He then rubbed the fact that he had snagged infinitely more baseballs at this game than I had for the next five to ten minutes. But, being Sean, that was his day of ballhawking as he went and got food soon after that.
While he was gone eating, I was snagging. The first ball I got was in right-center field. When a ball rolled to the wall, I got Matt Thorton to toss me my first ball of the game:
After I got this ball, I headed to the back of the section I was in and gave the ball to the usher instructing him to give the ball away to the next kid with a glove he saw.
I then headed out to the standing room for one reason: Adam Dunn was hitting. Just as I got there Dunn put a ball right in the middle of the triangle created by Gate 34, the program vendor, and the beer stand in the following picture:
(Normally I would draw an arrow for you, but I’m writing this entry on my phone.) I chased after this ball, but it bounced outside of the gate, so I couldn’t pursue it any further. After I gave up on the chase, I went back to the flag pole of the American flag. A few pitches later, Dunn launched a ball almost directly at me. I took a couple steps forward before I saw a man in front of me in the wheelchair section reaching up for the ball with his hand. Since I’ve narrowly missed getting clocked by a couple deflections, so I simply put my glove where the ball would go with no deflection and turned my face away from the ball. Thankfully the guy completely whiffed and the ball landed in my glove:
Given that I’m one of—if not THE worst ballhawks I’ve seen in the outfield at judging fly balls, this was a nice proud moment for me. Unfortunately it would be my last ball of batting practice. I would head off to left field after that, and had an open row to run:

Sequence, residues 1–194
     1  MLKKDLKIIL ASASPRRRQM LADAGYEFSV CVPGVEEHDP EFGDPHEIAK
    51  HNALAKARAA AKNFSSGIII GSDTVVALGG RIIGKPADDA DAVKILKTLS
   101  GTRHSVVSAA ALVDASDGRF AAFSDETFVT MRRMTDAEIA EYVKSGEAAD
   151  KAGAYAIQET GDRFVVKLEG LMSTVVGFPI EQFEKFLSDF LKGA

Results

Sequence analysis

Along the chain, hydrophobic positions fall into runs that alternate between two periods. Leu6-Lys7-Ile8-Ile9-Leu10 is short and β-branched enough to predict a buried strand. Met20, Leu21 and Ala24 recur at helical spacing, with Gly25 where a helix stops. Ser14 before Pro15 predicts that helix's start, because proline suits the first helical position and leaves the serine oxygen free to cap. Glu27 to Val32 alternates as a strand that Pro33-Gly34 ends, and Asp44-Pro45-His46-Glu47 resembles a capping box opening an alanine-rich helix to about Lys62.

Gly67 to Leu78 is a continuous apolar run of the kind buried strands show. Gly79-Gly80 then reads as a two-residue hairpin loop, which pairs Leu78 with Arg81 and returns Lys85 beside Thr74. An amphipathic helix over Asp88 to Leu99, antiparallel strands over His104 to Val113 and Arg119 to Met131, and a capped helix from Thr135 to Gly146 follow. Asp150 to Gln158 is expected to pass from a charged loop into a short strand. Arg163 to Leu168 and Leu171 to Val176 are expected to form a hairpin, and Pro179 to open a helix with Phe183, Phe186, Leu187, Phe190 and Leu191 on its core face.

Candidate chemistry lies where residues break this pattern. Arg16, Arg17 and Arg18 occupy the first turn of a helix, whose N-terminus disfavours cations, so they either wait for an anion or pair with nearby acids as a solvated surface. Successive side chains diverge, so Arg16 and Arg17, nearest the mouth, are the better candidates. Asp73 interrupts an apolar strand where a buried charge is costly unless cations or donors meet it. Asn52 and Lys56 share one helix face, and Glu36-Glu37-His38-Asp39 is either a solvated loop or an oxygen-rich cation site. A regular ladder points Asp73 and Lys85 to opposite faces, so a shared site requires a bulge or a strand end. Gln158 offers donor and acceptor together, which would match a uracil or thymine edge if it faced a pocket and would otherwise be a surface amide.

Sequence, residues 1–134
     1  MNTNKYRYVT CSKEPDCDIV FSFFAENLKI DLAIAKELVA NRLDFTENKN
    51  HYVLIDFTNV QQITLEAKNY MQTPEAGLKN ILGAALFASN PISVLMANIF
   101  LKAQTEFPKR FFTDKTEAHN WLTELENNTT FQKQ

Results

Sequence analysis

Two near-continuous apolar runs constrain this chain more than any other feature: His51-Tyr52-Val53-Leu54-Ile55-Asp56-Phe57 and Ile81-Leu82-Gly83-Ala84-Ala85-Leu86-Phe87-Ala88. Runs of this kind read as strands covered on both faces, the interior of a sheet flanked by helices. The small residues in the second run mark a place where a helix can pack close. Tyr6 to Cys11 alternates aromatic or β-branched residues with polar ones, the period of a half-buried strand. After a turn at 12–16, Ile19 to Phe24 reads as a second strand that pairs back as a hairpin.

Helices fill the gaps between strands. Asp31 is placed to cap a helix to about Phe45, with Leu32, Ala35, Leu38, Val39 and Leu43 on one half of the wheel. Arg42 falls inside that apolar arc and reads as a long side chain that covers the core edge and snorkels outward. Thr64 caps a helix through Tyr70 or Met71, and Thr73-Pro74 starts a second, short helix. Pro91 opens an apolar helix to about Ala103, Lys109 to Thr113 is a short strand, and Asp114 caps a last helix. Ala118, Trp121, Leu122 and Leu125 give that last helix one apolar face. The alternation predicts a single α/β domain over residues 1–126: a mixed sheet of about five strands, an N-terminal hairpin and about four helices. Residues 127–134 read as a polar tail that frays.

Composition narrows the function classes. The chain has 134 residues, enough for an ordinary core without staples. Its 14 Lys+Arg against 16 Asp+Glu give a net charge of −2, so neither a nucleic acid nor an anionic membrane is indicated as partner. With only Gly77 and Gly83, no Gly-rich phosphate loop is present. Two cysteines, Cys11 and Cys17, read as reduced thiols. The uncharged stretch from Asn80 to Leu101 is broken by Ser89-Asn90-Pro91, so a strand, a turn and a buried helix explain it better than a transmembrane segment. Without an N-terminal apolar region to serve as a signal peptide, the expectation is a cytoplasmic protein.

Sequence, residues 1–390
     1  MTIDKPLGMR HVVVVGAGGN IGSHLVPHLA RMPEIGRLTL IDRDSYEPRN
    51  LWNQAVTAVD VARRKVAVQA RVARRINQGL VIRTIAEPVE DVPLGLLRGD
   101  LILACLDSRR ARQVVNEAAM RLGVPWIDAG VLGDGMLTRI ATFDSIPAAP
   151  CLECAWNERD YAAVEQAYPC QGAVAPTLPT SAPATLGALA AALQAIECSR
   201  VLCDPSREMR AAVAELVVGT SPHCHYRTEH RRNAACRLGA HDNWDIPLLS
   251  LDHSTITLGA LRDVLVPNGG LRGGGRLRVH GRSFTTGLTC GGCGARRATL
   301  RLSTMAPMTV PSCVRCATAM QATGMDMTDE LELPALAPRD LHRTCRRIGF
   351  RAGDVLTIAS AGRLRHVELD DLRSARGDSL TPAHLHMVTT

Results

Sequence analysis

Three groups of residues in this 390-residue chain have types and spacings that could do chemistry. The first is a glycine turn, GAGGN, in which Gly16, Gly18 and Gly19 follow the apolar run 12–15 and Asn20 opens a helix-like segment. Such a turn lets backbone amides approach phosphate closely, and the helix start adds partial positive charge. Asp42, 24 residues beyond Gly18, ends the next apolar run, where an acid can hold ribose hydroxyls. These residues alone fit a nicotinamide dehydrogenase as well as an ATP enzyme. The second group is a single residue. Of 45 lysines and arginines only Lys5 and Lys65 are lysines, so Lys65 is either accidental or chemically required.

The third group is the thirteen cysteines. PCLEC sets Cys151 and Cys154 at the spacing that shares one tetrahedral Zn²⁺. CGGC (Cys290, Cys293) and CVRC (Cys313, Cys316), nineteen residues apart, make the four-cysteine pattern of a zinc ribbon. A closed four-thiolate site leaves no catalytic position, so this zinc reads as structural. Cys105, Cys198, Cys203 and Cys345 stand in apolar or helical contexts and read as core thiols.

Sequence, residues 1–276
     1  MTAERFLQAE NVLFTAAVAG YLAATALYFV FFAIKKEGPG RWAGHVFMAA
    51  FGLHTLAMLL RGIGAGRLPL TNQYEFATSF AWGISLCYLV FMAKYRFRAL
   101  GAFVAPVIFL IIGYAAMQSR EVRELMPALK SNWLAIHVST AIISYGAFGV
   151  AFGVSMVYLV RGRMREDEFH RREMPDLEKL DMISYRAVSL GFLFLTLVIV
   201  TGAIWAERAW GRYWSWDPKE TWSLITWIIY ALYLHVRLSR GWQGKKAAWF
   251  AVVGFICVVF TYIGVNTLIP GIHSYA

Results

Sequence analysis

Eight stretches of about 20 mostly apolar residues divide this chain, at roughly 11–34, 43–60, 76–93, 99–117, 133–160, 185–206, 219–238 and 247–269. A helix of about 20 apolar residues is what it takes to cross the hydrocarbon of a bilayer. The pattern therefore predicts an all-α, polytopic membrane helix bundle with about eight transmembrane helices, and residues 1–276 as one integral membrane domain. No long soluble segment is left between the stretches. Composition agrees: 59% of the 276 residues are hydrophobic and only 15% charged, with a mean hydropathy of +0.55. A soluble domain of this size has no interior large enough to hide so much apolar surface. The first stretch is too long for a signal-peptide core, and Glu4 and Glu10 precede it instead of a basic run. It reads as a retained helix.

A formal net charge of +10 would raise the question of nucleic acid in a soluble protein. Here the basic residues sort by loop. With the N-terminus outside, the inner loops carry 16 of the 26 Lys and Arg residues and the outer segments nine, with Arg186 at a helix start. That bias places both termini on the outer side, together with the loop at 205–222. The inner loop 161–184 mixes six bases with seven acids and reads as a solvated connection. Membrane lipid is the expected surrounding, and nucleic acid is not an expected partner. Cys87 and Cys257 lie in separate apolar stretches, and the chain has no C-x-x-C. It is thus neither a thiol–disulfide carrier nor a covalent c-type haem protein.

But everything that cleared the wall was going in the first two rows. There was also room deeper in the section:
But of course it pretty much takes a line drive to reach back there, so it’s not a great place in general. Fast-forward to after batting practice, Sean and I met up with one of his dorm room floor friends, Mikey in left field. Mikey—like most sane people—got to the game after batting practice given the fact that it was 99 degrees. We then decided that all three of us needed to document our group with each of us taking a different form of social media. Sean took Vine, Mikey took Snapchat, and I picked putting the picture of this blog:
When the White Sox coaches came to the bullpen, I headed over there to try to get a ball from them as they cleared the balls that had gone in there during batting practice. Then, I got a ball from the back-up bullpen catcher, whose name I don’t know, tossed me one of the the baseballs in the bullpen: